Data Supercharges Billion-Dollar Boats in the World’s Fastest Sailing Race

By July 14, 2017News
Oracle Team USA competes with Emirates Team New Zealand during the America’s Cup Match on June 24, 2017 in Hamilton, Bermuda.

AS BILLION-DOLLAR CATAMARANS skim across the ocean vying to best each other in the world’s fastest sailing race, the win may not always go to the best sailors. Sometimes, a victory in the America’s Cup goes to the team with the best data.

“This is as much a design race as a sailing race” says Mauricio Munoz, an engineer for the British Land Rover BAR team. Munoz’s team is one of many in the 2017 America’s Cup who used data collected during pre-Cup races to improve the designs of their boats. “Design without data, well I’m not sure what it is,” Munoz says.

During these head-to-head races—where teams from around the globe sail as fast as 30 knots—even a half-knot gain in speed can be all that’s needed to secure a victory. And since a tweak to a boat’s design or to the crew’s routine is often enough to earn it that extra brio in the water, the more data about the boat’s performance that can be gathered, the better.

Thousands of sensors mounted all over the catamarans—from the tip of the sail to the hydrofoil under the boat—record every moment of action during a race, from boat speed and wind data to the various forces stressing the different sections of the craft. Teams can collect up to 16 gigabytes of data per day. In Land Rover’s case, the team streams its data to a chase boat in real time. Later, a team back home in England virtually replays the day on the water, synchronizing video of the race with the sailing metrics. This analysis informs sailors of tactical advantages and gives engineers clues about how to build a better boat.

“This is a game all about being quick and being flexible and being able to spot things right when they happen and feed the info back to the coach, sailing team, and design team,” says Munoz. Early in the Land Rover BAR’s formation, the collected data helped inform the boat’s design. As the race neared, the data offered strategic insight. The effort paid off: During the most recent America’s Cup, held at the end of June in Bermuda, Land Rover BAR qualified for the challenger playoffs in its first-ever attempt before losing to the eventual 2017 champion, Emirates Team New Zealand.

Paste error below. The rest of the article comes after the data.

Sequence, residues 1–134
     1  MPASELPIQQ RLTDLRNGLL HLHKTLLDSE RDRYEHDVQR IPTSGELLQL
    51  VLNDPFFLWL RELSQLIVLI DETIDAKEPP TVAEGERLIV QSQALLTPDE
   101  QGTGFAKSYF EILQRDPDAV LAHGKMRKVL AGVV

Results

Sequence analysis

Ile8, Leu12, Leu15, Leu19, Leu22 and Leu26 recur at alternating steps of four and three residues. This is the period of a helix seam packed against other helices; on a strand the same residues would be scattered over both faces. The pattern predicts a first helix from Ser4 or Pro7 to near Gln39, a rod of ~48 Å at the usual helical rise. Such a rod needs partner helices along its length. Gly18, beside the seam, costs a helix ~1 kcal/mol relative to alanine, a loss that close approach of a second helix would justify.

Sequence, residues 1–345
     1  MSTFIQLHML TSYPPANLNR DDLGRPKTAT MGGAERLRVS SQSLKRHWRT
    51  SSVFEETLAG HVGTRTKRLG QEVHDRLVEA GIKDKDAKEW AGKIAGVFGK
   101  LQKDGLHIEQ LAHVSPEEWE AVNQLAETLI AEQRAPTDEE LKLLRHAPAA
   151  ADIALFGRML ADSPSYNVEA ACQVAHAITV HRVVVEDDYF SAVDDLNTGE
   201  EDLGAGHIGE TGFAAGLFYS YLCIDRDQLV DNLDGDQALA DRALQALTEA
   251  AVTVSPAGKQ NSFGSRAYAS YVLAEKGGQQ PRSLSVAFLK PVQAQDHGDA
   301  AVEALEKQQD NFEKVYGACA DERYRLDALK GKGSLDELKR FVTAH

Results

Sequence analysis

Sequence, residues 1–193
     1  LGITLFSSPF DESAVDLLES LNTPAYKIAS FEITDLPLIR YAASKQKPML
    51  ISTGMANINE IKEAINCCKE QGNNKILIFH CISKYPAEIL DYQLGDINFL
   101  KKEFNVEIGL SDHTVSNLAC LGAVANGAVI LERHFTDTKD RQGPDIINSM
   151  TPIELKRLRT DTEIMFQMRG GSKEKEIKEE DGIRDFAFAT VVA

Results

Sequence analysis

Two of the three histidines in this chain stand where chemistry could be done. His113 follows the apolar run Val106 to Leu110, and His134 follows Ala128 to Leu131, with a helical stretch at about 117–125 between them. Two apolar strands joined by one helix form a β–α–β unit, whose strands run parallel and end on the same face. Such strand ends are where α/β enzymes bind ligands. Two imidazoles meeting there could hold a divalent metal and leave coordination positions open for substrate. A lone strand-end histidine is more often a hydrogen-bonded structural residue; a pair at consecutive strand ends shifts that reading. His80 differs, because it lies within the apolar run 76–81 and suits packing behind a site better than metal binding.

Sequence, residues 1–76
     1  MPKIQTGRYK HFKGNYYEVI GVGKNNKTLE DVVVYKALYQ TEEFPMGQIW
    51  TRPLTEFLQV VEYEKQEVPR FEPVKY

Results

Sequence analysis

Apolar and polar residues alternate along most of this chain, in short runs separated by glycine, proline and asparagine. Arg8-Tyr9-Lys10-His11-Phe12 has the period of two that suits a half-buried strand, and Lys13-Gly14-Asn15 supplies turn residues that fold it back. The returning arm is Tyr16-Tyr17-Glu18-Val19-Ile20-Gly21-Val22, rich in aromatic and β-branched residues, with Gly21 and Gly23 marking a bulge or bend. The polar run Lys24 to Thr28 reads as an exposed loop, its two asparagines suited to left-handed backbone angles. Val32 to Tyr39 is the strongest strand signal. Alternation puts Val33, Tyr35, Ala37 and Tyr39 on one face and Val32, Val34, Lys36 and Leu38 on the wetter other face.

Water Tension

Land Rover isn’t the only team gobbling up metrics. Scott Ferguson, the design coordinator for Team USA Oracle, stays on the Oracle chase boat as a Wi-Fi system transmits data from the racing boat. Ferguson conducts real-time analysis on the chase boat before sending it to the shore for later study.

“As technology grows, we are getting more and more and better information,” Ferguson says.

In addition to collecting data from hundreds of on-boat sensors, Oracle also captures video using GoPro cameras aimed at the rudders and boards. Pairing the video with data allows for an even deeper understanding of the numbers, Ferguson says.

In the case of Land Rover BAR, Munoz says the obscene amounts of data his team collected helped improve its catamaran design. In the year between the time the boat was built and the first America’s Cup races, Munoz built computer models using data collected on the boat’s top-performing days. What different strategies did the sailors take in certain wind conditions, and what speeds did they reach? What tactics proved fastest in key turns?

“Without saying too much, some of the (foils) you see fitted on the boat—the decision to make those and implement certain design decisions on those boards come from input form this particular research,” Munoz says. “It is the same thing with the rudders.”

After spending years crunching data to refine both the crew’s tactics and the boat’s design, Munoz says watching Land Rover BAR’s on-water speed during the America’s Cup was all worth it. “Seeing it out on the water and winning races as a first-time contender is definitely worth the sacrifice,” he says. “Without this (data) we would never have been able to reach these conclusions.”